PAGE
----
More than 2,100 infections with the novel coronavirus that causes COVID-19 were reported Tuesday by Minnesota health authorities, who remain concerned about the continued spread of infections at large group events and social gatherings.
The Minnesota Department of Health on Tuesday also reported 15 COVID-19 deaths, bringing state totals in the pandemic to 2,368 deaths and 137,536 infections detected through diagnostic testing.
The current seven-day positivity rate of diagnostic testing increased to 7% on Minnesota’s pandemic dashboard, an indication that the infectious disease is spreading widely and independently of any changes in testing levels. State infectious disease director Kris Ehresmann said people need to wear masks in public, refrain from large gatherings, and understand the risks of viral transmission as they plan for holiday get-togethers.
“There is a lower risk with smaller groups but that doesn’t mean there is no risk,” she said on Monday. “At the level of transmission that we’re seeing right now in the community, things that may have been relatively safe a month or two ago may no longer be safe.”
Minnesota has now recorded 244 outbreaks in large group social settings, including 71 weddings and 73 social gatherings. Including 19 outbreaks so far in October, weddings have been directly linked to 667 infections.
The state’s pandemic dashboard showed an increase in Minnesota hospital beds filled with COVID-19 patients — from 614 reported on Monday to 658 on Tuesday.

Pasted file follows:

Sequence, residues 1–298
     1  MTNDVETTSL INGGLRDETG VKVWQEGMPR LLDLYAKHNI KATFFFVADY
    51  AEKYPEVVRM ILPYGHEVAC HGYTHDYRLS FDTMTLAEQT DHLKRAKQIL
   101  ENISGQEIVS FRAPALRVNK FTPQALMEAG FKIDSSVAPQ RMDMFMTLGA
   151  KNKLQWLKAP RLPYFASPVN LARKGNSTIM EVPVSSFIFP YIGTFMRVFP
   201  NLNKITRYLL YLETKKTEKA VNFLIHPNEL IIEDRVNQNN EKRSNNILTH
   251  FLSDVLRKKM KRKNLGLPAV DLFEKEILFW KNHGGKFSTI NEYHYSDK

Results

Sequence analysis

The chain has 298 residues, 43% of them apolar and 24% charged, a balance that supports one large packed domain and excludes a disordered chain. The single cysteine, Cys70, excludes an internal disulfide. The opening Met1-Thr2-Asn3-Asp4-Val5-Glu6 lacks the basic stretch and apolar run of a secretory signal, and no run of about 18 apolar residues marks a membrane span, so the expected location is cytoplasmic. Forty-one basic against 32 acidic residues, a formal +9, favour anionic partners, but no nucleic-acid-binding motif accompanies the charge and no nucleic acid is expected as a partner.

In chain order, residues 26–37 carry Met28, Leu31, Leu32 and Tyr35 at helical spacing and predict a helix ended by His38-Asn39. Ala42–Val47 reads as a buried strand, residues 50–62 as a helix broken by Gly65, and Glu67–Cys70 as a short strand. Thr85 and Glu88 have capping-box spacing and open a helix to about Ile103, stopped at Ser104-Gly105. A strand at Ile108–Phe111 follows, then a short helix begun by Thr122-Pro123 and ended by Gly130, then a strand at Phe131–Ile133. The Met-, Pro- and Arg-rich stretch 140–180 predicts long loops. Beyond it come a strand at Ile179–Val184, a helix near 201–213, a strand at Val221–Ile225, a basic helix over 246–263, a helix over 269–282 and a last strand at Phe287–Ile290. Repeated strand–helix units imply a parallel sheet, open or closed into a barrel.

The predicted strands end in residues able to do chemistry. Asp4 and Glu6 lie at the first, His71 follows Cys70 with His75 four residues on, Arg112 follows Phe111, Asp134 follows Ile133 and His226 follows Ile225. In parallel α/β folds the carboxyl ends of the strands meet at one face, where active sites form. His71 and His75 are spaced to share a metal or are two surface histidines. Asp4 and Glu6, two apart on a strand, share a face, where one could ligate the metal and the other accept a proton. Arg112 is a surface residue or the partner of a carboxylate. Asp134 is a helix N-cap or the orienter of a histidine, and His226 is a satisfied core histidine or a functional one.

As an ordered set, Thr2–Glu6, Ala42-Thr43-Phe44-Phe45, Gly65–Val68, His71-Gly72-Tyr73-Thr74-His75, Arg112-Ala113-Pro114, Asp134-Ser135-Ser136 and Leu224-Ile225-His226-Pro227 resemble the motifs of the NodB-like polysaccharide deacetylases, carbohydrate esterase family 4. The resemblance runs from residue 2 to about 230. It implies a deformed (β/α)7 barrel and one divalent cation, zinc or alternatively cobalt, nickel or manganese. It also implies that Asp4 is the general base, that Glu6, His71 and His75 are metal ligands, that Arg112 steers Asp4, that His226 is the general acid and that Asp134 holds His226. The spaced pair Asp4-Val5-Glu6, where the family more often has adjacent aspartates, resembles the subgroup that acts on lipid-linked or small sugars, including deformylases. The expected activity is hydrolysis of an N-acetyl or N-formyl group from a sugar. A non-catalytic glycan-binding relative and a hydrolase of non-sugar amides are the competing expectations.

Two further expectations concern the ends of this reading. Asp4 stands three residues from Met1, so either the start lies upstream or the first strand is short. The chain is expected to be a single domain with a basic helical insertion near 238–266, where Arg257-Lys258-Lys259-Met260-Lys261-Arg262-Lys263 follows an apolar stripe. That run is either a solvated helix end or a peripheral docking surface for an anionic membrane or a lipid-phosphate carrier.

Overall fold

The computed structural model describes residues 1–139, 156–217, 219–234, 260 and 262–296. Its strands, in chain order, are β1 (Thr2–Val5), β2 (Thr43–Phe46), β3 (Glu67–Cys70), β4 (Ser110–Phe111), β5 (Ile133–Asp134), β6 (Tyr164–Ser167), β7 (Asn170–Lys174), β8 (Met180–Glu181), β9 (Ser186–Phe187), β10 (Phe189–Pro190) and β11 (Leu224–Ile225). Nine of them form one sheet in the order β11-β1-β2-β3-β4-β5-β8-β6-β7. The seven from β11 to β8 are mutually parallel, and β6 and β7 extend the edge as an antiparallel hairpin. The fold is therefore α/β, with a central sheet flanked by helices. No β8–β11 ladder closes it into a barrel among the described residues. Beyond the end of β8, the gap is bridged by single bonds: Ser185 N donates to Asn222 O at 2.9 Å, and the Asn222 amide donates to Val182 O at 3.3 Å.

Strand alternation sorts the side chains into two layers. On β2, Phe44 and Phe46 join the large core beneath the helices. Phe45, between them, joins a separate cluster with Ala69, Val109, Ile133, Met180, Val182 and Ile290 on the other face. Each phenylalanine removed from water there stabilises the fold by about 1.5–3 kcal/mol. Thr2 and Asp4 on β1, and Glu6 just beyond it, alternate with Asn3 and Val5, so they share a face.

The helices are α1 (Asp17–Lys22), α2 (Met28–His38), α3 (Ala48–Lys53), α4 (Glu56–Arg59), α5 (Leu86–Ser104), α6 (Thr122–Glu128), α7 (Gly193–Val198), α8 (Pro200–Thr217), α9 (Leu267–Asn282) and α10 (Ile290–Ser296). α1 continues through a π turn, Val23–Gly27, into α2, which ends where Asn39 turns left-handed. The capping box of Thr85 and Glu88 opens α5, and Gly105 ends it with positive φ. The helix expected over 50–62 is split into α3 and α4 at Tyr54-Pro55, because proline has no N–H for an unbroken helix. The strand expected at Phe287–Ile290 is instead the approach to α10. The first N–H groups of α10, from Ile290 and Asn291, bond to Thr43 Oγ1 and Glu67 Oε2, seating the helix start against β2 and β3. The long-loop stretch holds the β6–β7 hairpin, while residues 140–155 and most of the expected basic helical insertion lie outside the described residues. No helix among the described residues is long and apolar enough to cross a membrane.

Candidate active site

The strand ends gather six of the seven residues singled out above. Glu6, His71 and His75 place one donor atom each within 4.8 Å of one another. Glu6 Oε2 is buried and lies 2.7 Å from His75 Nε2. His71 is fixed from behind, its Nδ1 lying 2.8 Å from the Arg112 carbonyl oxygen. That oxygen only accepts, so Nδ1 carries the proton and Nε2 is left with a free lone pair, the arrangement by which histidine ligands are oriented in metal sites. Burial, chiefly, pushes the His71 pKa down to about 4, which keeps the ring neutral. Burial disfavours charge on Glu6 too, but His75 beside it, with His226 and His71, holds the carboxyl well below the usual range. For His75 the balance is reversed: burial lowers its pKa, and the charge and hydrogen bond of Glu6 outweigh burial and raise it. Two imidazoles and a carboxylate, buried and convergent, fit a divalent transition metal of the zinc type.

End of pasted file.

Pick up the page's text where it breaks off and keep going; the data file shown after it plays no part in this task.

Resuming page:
The dashboard showed that 165 of the hospitalized COVID-19 patients were in intensive care, but that total ICU usage in Minnesota declined slightly. Only 997 of the state’s immediately available 1,466 ICU beds were occupied by patients with COVID-19 or other unrelated medical issues.
Gov. Tim Walz urged continued mask-wearing and social distancing to prevent more hospitalizations and the need for more restrictions on school or business activities that don’t work as well anyway.
“We can’t overwhelm our hospitals,” he said. “We can’t assume that the therapeutics are going to take care of it or that we’re waiting for a vaccine that will eventually come. We need to take action right now.”
The 15 deaths reported Tuesday included 11 people who lived in private residences. While more than 72% of COVID-19 deaths in Minnesota have involved residence of long-term care facilities, that disparity was mostly due to severe outbreaks in such facilities in the spring. Deaths have been more evenly split between private residences and long-term care facilities for most of the summer and fall.
More than 80% of COVID-19 deaths also have involved people 70 or older. Tuesday’s totals included four people in their 50s and 11 people older.
New infections were reported Tuesday in 82 of Minnesota’s 87 counties, reflecting the continued broad spread of the SARS-CoV-2 coronavirus that causes COVID-19.
Total infections in Minnesota include mostly “confirmed” cases verified by molecular diagnostic testing, but also 390 “probable” cases established by rapid antigen testing. While antigen testing can be faster — as is the case in rapid strep throat tests — the health department for now has classified its results as probable due to a slightly lower accuracy rate.